The Panel is aware that if a complainant owns a U.S. federally registered trademark (included on the principal register), UDRP panels have generally considered that it satisfies the threshold requirement of having trademark rights. See WIPO Overview of WIPO Panel Views on Selected UDRP Questions, Second Edition ("WIPO Overview 2.0"), paragraph 1.1. In certain, highly limited circumstances, some panels have opted to examine the circumstances of trademark registration in considering whether the registration satisfies UDRP requirements. Ibid. However, the Panel here determines that for purposes of the first element of the Policy, deference is owed to Complainant's federally registered HIPPIE BUS mark. The Panel is not in position to second-guess the trademark examination process that resulted in registration of this mark. However, the factors that have been raised by Respondents, including date of registration (or first use), the extent of usage, and the goods and/or services for which the mark was supposedly registered, can be considered by the Panel in relation to whether or not Complainant acquired any common law rights in the mark prior to its registration, as well as whether or not Respondent registered and used the Domain Name in bad faith under the third element of the Policy. Ibid.
Here, Complainant has not sought to prove, nor does the record support, that Complainant acquired common law rights in its HIPPIE BUS mark pre-dating registration of the mark in June 2013. Consequently, the record is clear that the Domain Name was registered by Respondents at least 5 years (if not more) before Complainant acquired any trademark rights in the HIPPIE BUS mark. Registration of a domain name before a complainant acquires trademark rights in a name does not prevent a finding of identity or confusing similarity under the UDRP. However, here again, this timing can be considered for other purposes, such as whether or not the Domain Name was registered in bad faith under the third element of the Policy. See WIPO Overview 2.0, paragraph 1.4.
The Panel finds that the Domain Name <hippiebus.com> is visually virtually identical to Complainant's HIPPIE BUS mark, the only difference being that the space is omitted between the terms "hippie" and "bus" in the Domain Name, which is a common approach in many domain names. Accordingly, the Panel concludes that the Domain Name is identical to Complainant's HIPPIE BUS mark.
B. Rights or Legitimate Interests
Pursuant to paragraph 4(a)(ii) of the Policy, Complainant must prove that Respondent has no rights or legitimate interests in respect of the Domain Name. A complainant is normally required to make out a prima facie case that a respondent lacks rights or legitimate interests in a domain name. Once such prima facie case is made, the respondent carries the burden of demonstrating rights or legitimate interests. If the respondent fails to do so, a complainant is deemed to have satisfied paragraph 4(a)(ii) of the UDRP.
In support of its prima facie case, Complainant contends that Respondents lack any right or legitimate rights in the Domain Name because it is inactive and has not been used by Respondents in connection with a bona fide offering of goods or services; that Complainant has not licensed or otherwise permitted Respondents to use its HIPPIE BUS mark; and that Respondents purchase numerous domain names for the purpose of reselling them. Moreover, Complainant alleges that it engaged in negotiations with Respondents to purchase the Domain Name but Respondents repeatedly increased the purchase price and then improperly frustrated the transaction and withheld the Domain Name.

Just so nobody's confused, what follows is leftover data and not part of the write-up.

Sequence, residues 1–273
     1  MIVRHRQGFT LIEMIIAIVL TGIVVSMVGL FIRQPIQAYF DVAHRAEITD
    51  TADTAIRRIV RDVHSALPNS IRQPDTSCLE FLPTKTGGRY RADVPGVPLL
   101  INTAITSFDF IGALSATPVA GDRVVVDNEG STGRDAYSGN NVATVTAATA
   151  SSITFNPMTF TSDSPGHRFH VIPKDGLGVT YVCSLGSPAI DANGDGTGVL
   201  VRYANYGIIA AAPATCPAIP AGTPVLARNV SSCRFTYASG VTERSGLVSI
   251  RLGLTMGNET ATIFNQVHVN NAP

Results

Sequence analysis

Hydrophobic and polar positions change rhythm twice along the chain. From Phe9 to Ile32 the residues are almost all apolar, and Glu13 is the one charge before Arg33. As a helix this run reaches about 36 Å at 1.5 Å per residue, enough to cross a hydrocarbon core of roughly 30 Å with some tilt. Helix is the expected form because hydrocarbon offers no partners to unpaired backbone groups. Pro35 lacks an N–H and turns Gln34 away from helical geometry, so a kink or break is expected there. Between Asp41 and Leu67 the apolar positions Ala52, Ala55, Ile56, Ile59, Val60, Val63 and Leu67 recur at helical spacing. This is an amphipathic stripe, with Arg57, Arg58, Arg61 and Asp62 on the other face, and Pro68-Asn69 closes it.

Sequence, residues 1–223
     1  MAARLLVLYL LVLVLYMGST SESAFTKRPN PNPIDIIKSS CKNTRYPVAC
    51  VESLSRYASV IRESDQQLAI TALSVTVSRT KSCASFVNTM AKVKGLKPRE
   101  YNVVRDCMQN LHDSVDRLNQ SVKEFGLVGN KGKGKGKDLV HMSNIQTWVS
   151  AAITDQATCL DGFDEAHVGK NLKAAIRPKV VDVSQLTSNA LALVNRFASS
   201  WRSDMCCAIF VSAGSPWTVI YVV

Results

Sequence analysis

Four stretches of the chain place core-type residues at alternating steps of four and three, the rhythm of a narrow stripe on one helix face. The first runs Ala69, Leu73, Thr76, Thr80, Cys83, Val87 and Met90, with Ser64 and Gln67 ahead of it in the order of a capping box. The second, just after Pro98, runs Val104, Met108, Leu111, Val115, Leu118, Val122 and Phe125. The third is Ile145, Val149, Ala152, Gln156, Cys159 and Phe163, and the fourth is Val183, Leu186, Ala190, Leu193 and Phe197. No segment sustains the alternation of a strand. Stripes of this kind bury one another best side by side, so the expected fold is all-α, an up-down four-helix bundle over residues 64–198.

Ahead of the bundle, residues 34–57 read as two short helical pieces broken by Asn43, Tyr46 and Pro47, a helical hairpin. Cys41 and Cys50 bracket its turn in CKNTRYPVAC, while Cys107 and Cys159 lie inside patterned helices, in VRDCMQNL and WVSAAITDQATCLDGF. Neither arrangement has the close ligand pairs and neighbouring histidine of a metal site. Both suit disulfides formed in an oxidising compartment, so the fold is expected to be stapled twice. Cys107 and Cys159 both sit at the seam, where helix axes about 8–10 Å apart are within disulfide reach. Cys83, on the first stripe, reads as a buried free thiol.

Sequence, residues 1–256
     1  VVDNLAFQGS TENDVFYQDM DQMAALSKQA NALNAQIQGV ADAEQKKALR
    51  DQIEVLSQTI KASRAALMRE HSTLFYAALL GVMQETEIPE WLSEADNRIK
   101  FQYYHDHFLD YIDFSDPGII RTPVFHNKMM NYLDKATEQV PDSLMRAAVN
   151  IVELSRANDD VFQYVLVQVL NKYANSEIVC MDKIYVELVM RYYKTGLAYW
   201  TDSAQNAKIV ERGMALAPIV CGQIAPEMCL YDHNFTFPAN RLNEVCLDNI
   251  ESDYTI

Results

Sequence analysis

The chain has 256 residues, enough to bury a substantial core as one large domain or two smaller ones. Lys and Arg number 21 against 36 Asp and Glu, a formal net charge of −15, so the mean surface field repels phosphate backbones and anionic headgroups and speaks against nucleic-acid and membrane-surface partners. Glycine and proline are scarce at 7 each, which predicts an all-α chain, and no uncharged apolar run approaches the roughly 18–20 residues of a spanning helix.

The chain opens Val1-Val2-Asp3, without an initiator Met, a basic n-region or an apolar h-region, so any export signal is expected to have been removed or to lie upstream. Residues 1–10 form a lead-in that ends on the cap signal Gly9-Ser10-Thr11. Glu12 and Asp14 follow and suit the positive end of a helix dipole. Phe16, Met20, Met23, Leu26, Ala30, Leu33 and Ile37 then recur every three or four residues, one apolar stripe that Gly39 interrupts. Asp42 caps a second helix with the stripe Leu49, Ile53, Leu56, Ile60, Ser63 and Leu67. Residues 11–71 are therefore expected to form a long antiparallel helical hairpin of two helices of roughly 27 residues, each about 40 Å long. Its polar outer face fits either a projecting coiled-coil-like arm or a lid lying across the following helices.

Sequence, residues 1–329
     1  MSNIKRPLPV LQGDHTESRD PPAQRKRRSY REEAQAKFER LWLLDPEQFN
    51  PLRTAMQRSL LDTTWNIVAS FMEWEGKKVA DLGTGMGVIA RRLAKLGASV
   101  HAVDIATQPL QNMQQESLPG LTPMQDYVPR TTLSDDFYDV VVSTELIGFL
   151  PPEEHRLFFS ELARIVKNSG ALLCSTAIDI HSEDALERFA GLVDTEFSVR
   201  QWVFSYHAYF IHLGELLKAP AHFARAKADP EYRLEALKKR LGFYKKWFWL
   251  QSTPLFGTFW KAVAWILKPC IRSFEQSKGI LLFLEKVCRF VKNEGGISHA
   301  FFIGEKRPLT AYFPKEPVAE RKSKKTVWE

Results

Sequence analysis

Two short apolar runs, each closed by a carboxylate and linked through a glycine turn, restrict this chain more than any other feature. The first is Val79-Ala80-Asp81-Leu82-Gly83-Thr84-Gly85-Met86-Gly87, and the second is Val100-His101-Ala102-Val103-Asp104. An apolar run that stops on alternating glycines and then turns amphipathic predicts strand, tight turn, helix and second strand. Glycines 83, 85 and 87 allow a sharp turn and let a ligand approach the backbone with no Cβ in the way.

Respondents, in rebuttal, do not deny that they sell domain names. However, they dispute whether they acted improperly in relation to the unsuccessful attempt to sell the Domain Name to Complainant and that, in any event, a contractual dispute concerning an alleged breach of obligation to sell the Domain Name falls outside the scope of the UDRP. Complainant has made no allegation that Respondents have used the Domain Name to infringe Complainant's mark. Respondents claim a legitimate interest in the Domain Name (i) through an equitable right of priority, as Respondents' registration of the Domain Name pre-dates Complainant's trademark rights by at least 5 years, if not more, and (ii) because it is comprised of a common term, "hippie bus", used in connection with vintage vans and buses and themed bus tours reflecting the psychedelic era of the late 1960's.
The Panel considers that although Respondents have not used the Domain Name but have held it inactive for the purposes of reselling it, in the circumstances of this case, where the Domain Name has been held by Respondents for many years and pre-dates registration of Complainant's trademark by at least 5 years, and where the Domain Name is comprised of descriptive terms as described above, Respondents have established a legitimate equitable seniority interest in the Domain Name.
C. Registered and Used in Bad Faith
Given the Panel's finding that Respondents have a legitimate interest in the Domain Name, the Panel does not need to address the third element of the Policy. However, for completeness, the Panel determines that Complainant has failed to establish bad faith registration and use of the Domain Name by Respondents.
The record shows that Complainant did not even attempt to file an application for the HIPPIE BUS trademark until after the negotiations for purchase of the Domain Name from Respondents had broken down. There is no evidence that Respondents targeted Complainant and its trademark because the mark did not exist when the Domain Name was registered. Instead, Complainant was specifically aware of Respondents' Domain Name when it sought to obtain trademark rights in the identical terms. Further, in the circumstances of this case as described above, there is no evidence of bad faith use of the Domain Name by Respondent, even though it has been held inactive. The Panel does not address the allegations raised by Respondents concerning whether Complainant created a sham website and used false pretenses to achieve registration of its trademark. Moreover, any contractual dispute concerning an alleged breach of obligation by Respondents to sell the Domain Name to Complainant falls outside the scope of the UDRP.
For the foregoing reasons, the Complaint is denied.
Christopher S. Gibson
Date: January 2, 2015